WASHINGTON (Reuters) - The United States conducted further air strikes against Islamic State forces on Tuesday and Wednesday, targeting the militant group near Iraq’s Mosul Dam and the Syrian border town of Kobani, according to U.S. Central Command.
A U.S.-led coalition conducted 12 air strikes near the Mosul Dam complex in northern Iraq, Central Command said in a statement on Wednesday. U.S. forces also conducted six air strikes close to Kobani near Syria’s border with Turkey, it said.
The strikes in Syria destroyed a logistical center for Islamic State, a militant group that has declared a caliphate, or Muslim theocracy, and seized territory across Iraq and Syria. The strikes also destroyed one of the group’s buildings, vehicles and fighting positions, Central Command said, citing assessments based on initial reports.
In Iraq, the strikes destroyed a large group of Islamic State fighters along with vehicles, fighting positions and a mortar-lauching site, according to the U.S. statement.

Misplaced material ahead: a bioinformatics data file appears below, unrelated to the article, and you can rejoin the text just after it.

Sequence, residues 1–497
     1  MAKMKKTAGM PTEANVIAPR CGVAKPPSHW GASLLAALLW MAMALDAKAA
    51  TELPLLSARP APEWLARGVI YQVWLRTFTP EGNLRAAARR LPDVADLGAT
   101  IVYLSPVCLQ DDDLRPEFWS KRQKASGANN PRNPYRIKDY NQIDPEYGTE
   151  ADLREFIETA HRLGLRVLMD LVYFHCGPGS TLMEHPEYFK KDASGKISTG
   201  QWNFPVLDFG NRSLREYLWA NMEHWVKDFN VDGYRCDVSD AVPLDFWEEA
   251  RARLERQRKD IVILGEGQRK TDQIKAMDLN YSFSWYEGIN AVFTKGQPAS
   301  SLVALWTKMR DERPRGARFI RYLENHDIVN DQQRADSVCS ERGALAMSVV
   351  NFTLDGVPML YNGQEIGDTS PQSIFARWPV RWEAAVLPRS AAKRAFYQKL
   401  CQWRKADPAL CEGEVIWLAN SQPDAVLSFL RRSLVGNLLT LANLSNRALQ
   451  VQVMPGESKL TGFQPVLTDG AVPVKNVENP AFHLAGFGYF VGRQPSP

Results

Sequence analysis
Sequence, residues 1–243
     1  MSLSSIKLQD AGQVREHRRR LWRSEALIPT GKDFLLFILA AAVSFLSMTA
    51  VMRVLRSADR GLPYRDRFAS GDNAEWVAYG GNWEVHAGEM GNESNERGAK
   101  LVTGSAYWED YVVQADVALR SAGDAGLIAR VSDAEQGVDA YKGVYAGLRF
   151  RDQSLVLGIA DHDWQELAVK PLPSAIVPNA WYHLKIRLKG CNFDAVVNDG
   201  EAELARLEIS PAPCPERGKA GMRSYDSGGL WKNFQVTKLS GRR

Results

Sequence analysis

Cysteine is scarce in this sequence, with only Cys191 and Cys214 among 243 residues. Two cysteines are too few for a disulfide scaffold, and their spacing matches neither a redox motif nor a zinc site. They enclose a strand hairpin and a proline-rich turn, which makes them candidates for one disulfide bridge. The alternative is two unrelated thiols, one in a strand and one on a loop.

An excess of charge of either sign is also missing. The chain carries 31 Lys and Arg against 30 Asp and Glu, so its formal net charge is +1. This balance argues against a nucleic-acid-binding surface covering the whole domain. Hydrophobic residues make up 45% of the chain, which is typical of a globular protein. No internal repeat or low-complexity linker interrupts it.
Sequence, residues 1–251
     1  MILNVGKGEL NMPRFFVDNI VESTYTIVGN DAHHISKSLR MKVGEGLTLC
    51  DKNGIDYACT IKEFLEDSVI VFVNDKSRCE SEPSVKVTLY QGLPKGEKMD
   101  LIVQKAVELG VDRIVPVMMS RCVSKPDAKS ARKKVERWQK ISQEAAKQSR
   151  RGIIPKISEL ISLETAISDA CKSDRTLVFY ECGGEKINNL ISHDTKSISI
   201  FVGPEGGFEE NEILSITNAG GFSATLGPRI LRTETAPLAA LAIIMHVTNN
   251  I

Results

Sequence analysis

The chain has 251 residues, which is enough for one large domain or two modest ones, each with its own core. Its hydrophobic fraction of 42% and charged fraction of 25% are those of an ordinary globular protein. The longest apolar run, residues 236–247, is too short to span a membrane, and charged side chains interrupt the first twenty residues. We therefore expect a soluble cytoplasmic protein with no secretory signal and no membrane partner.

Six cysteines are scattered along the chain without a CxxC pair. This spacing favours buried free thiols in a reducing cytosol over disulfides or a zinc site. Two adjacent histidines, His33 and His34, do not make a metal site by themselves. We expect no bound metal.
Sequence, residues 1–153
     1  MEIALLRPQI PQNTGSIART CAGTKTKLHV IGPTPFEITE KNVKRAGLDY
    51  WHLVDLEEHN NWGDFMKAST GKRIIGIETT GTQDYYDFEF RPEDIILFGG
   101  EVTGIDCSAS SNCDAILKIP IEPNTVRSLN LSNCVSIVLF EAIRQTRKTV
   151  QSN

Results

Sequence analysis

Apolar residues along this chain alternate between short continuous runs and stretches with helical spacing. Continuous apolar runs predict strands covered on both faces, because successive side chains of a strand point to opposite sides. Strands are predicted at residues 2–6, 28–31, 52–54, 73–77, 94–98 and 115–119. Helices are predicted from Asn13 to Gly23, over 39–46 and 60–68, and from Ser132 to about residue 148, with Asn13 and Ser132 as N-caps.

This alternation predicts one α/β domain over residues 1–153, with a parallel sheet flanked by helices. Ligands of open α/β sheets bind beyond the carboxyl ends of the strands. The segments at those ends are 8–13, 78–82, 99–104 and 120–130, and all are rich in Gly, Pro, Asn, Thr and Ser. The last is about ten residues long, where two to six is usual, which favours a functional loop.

The latest strikes around Mosul follow Pentagon warnings that Islamic State wanted to take control of the dam, which is a vital water and power source for what is Iraq’s largest northern city of 1.7 million residents.
“The ISF and the Kurdish forces specifically are still in control of the Mosul Dam complex. ISIL wants it back. And they still threaten it. They don’t have it but they still threaten it,” Pentagon spokesman Rear Admiral John Kirby told reporters on Tuesday, using an acronym for the militant group.
Reporting by Susan Heavey and Phil Stewart; Editing by Bill Trott